Sat
Aug
19

Native American high schoolers get taste of college, STEM fields at CSU institute

Native American high schoolers get taste of college, STEM fields at CSU institute

Nearly 30 Native American students from Denver, Fort Collins and New Mexico got a hands-on taste of college life and possible careers in science, technology, engineering and mathematics during the Native American STEM Institute at CSU last week.

The institute, hosted by CSU’s Native American Cultural Center, featured a variety of lively activities — and not just on the main campus. The students spent three days at the CSU Mountain Campus and visited the Foothills Campus and Denver Zoo.

“A lot of these kids have never seen a college campus before,” said Tiffani Kelly, assistant director of the NACC. “They stay in Newsom Hall, get exposed to several STEM fields and interact with some of our college students. CSU students can share their stories about what college is like, and the high school students tend to really listen to them.”

Sixth year

The program, which is free for the students, was launched six years ago as a collaboration with the Denver Public Schools’ Native American Student Support Program.  To date, some 120 students entering 8th through 11th grade have taken part in the program. It has expanded since its inception, and this year includes students from Adams 12 Five Star Schools, two students from Fort Collins High School and four from New Mexico, according to NACC Director Ty Smith. The institute offers interactive exercises in math and science, exposes Native students to engineering concepts, and provides teamwork and leadership opportunities. Five CSU student mentors helped Smith and Kelly run the institute throughout the week.

Starting on June 11, the high schoolers’ time at the CSU Mountain Campus included a ropes course and geocaching, complete with a GPS lesson from Peter Barry of the Colorado State Forest Service. From Sunday to Wednesday, the students learned about forestry, fire science and propulsion (featuring a launching exercise using a one-liter soda bottle). They also took water samples and collected data to understand what constitutes a healthy river during a stream ecology lesson with representatives from the City of Fort Collins.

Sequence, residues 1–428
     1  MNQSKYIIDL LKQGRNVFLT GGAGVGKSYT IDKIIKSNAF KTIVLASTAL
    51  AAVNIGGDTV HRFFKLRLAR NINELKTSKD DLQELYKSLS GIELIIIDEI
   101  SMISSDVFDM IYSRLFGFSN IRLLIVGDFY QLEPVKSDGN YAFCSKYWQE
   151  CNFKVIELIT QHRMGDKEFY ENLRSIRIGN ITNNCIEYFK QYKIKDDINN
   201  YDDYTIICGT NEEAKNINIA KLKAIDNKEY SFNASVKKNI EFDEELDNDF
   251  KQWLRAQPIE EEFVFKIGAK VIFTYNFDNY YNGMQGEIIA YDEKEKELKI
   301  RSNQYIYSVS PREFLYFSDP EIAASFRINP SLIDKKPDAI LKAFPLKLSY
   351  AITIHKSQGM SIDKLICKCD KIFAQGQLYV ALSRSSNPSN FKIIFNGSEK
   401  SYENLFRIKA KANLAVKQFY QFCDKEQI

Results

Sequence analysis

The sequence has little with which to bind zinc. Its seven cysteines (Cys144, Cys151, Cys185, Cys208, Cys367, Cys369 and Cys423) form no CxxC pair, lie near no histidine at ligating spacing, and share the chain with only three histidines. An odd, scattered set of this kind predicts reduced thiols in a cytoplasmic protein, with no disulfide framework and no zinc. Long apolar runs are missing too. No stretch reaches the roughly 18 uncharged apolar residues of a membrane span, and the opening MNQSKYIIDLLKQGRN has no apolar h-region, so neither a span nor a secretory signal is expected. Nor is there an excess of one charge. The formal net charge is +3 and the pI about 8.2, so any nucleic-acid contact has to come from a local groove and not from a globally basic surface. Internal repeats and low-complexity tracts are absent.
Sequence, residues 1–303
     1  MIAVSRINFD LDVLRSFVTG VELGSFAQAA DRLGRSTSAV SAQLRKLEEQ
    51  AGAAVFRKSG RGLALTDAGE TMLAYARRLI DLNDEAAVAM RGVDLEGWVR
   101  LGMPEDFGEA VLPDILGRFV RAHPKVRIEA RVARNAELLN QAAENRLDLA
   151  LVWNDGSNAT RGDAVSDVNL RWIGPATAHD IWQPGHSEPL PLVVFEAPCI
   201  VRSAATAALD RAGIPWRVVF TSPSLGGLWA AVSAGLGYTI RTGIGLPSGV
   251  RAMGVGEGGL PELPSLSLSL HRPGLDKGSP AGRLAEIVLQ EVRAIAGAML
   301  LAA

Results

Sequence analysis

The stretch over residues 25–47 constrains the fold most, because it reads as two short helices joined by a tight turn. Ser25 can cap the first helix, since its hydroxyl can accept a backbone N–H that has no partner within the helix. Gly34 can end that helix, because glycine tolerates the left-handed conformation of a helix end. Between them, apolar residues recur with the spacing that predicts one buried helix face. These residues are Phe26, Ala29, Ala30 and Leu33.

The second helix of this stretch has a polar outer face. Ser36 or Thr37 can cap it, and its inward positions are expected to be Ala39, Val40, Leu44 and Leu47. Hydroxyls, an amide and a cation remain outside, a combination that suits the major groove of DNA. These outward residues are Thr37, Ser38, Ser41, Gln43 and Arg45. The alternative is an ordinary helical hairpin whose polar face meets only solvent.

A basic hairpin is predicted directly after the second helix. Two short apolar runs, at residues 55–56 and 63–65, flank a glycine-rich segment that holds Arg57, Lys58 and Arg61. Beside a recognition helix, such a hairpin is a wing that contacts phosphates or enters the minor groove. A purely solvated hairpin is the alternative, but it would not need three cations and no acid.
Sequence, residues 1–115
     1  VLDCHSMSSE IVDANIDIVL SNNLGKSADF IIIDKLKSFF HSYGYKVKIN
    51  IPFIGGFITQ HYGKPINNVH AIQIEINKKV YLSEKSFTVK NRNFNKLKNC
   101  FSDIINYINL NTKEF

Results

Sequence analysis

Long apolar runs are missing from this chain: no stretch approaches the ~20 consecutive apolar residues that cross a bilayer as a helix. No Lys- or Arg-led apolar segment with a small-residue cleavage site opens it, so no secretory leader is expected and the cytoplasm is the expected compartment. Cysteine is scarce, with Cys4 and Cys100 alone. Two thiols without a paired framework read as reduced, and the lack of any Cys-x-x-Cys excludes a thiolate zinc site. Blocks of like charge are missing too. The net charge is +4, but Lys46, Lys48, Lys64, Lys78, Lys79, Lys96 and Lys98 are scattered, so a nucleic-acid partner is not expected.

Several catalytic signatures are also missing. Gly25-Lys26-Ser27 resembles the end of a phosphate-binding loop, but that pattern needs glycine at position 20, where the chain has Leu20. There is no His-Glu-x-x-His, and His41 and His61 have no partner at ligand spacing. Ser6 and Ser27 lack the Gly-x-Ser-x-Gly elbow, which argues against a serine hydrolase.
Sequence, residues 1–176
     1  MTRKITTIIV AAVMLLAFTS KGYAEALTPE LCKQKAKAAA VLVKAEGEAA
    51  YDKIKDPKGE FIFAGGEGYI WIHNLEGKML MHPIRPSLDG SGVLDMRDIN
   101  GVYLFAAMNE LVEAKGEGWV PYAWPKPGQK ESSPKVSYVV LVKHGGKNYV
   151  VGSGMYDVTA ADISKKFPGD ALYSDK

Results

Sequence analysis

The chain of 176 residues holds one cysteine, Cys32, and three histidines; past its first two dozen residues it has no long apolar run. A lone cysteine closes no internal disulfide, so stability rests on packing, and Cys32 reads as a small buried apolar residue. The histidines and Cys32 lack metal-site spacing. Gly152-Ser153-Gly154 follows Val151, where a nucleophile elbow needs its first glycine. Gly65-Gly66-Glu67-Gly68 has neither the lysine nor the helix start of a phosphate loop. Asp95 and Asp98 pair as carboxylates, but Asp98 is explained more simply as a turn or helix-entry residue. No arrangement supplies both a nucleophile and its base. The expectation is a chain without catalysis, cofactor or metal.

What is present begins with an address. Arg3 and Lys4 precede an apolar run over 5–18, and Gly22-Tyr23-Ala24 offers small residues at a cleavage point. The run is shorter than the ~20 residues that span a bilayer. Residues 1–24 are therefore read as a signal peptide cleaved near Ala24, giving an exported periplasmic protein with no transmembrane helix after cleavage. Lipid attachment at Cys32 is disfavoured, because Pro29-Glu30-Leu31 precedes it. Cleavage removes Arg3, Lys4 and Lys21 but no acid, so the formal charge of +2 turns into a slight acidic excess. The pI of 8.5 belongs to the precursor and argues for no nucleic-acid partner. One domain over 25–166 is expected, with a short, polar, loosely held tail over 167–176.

On June 14, they traveled to the Foothills Campus to learn about water modeling at CSU’s research facilities, followed by a tour of the main CSU campus as well as a health and wellness session at the Student Recreation Center. The high schoolers received instruction on how to conduct research at the Morgan Library, and enjoyed a networking dinner on campus with many of CSU’s Native faculty and staff as well as representatives from the Office of Admissions, Academic Advancement Center, College of Engineering, Key Communities and Office of the Vice President for Diversity.

“If the students end up enrolling at CSU, they’ll have a solid network and community on campus,” Kelly said.

Other activities

On June 15, the students learned about geographic information systems and how to have fun with surfaces and materials engineering. After an engaging Little Shop of Physics session, the students went back to the Foothills Campus to learn about the Laramie Foothills Bison Conservation Herd from CSU reproduction physiologist Jennifer Barfield.

Barfield and CSU graduate students provided a hands-on experiment to allow students to fertilize eggs taken from cows’ ovaries.

“They get to see how life begins and then we take them over to see the bison,” said Barfield, referring to the subsequent visit to see actual bison on the Foothills campus.

As students watched a large screen that revealed an oocyte, an immature egg, taken from one of the ovaries, one student said, “That’s gross.” Barfield laughed and said, “That’s amazing.”

They programmed robots during a June 16 session on robotics, and the next day at the Denver Zoo, the high schoolers got a behind-the-scenes tour with conservation biologists and learned about zoo internships, volunteer opportunities and research. Finally, in a concluding session at the Denver Zoo attended by their parents and family members, the students delivered group poster presentations on how what they learned during the institute applies to their own tribal communities.

In addition to the NACC, DPS and Adams 12, the institute collaborates with Diversity Programs in Engineering in the Walter Scott, Jr. College of Engineering.